Now, for the pessimistic view of Abraham Temple's origins. There have been several theories advanced - from Royal birth to his birth in a former Templar Church in London, assuming the surname of the orphanage. Several articles in this section of the webpage have presented what some researchers have thought - but none of them offer documentary proof - they are all suppositions.
Over a hundred years of trying to shoe-horn him into a regal lineage have failed - there is no proof despite the best efforts of several genealogists to make it happen.
Although Levi Temple may have considered Abraham might be related to the line of Peter Temple of Stowe, England, the first outright suggestion relates to Dr. Henry Curtis Temple in his 1930 genealogy of the family. The next major genealogists, Albert Temple (and with some degree of reluctance at the conclusion, Danny Smith), went out of his way to "prove" that relationship, but was unable to come up with anything but conjecture. This train of thought is extensively covered in the notes on Abraham found on his entry in the website. What can be proven by other means reveals it is wishful thinking.
Saying Abraham was related to anyone at Stowe, or English royalty of any kind, has no basis in documentation. There are indeed other lines of Temples (Bowdoin Temples) in North America that also claim genealogical descent from the Temples of Stowe, but even the pedigree of Robert Temple (b 1691) of "Ten Hills," Boston, MA, and his wife Mehitable is based on conjecture and lacks any independent genealogical evidence.
As for the Temples of Stowe and their descent in North America, research by Leo Palmer, which he has kindly provided for my use on this website, indicates "...that the pedigree of other Massachusetts Temples (Bowdoin Temple branch) that reputedly links then to Stowe is problematic. This is because they have their own version of the 'Abraham Temple problem' on their tree in regards to Robert Temple of Ten Hills and his wife Mehitable.
"Specifically the childless Sir Richard Temple, 7th Baronet of Stowe, knew he had some distant Temple kin that settled in colonial Massachusetts, so he sent a general correspondence to Boston looking for kin. Ultimately the correspondence reached a Mr. John Temple (son of Robert Temple from Ten Hills, MA) and he wrote back saying he was his long lost kin. Sir Richard then said by letter that he was now his heir without proof
"The only problem is that this John Temple (1732-1798) actually was actually descended from a different Temple family from Ireland. Some vanity publishing houses like Burke’s nevertheless accepted fees to publish this new revised and imaginary pedigree (now showing a double-link to Stowe), while others like Cracroft's Peerage instead called John Temple 'The self-styled 8th Baronet' since his claim was totally bogus except for the previous Baronet’s declaration."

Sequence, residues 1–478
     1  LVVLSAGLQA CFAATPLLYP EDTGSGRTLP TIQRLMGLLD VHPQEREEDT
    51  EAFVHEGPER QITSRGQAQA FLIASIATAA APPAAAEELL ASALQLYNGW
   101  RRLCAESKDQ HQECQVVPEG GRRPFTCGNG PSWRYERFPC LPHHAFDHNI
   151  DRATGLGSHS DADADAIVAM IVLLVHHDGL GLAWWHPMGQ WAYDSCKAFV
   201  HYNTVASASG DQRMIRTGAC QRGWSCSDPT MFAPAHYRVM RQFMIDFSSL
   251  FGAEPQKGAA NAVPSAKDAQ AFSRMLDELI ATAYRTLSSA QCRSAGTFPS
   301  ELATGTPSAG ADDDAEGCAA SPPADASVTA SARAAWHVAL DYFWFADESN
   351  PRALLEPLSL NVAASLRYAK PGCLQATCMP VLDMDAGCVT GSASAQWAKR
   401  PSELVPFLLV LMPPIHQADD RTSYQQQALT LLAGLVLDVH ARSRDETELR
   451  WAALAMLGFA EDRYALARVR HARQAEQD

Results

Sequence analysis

"Since the Bowdoin Temple branch’s claim to Stowe can’t be independently verified, neither the College of Arms Heralds nor the Monarch has ever confirmed it. In the British peerage, titles like the 'Baronet of Stowe' and 'Sir' are conferred and confirmed by the Monarch alone. However, their descendants kind of won the battle of public opinion, by publishing books and articles about their genealogy that are then used as proof in a circular fashion. Proof would be an original document conferring such a title which, if it existed at all, is by now lost."
I should hasten to add that this same sort of baseless circular reasoning led Albert Temple and Danny Smith to propose a royal origin for Abraham Temple in their book, "Rise of the Temples: A Millennium of Progress."
What little we know of Abraham is from the records of Salem, MA, where he was as early as 1636, since he was accepted as an inhabitant of the town before 21 June of that year. Family lore in one branch of Abraham's descent says that Abraham was a stowaway, but there is no evidence to confirm or disprove this. The ship on which he sailed is also unknown. Although he was apprenticed as a tailor, there is evidence to suggest he was a mechanic (according to Levi Temple). That is about as far as records take us on this side of the Atlantic.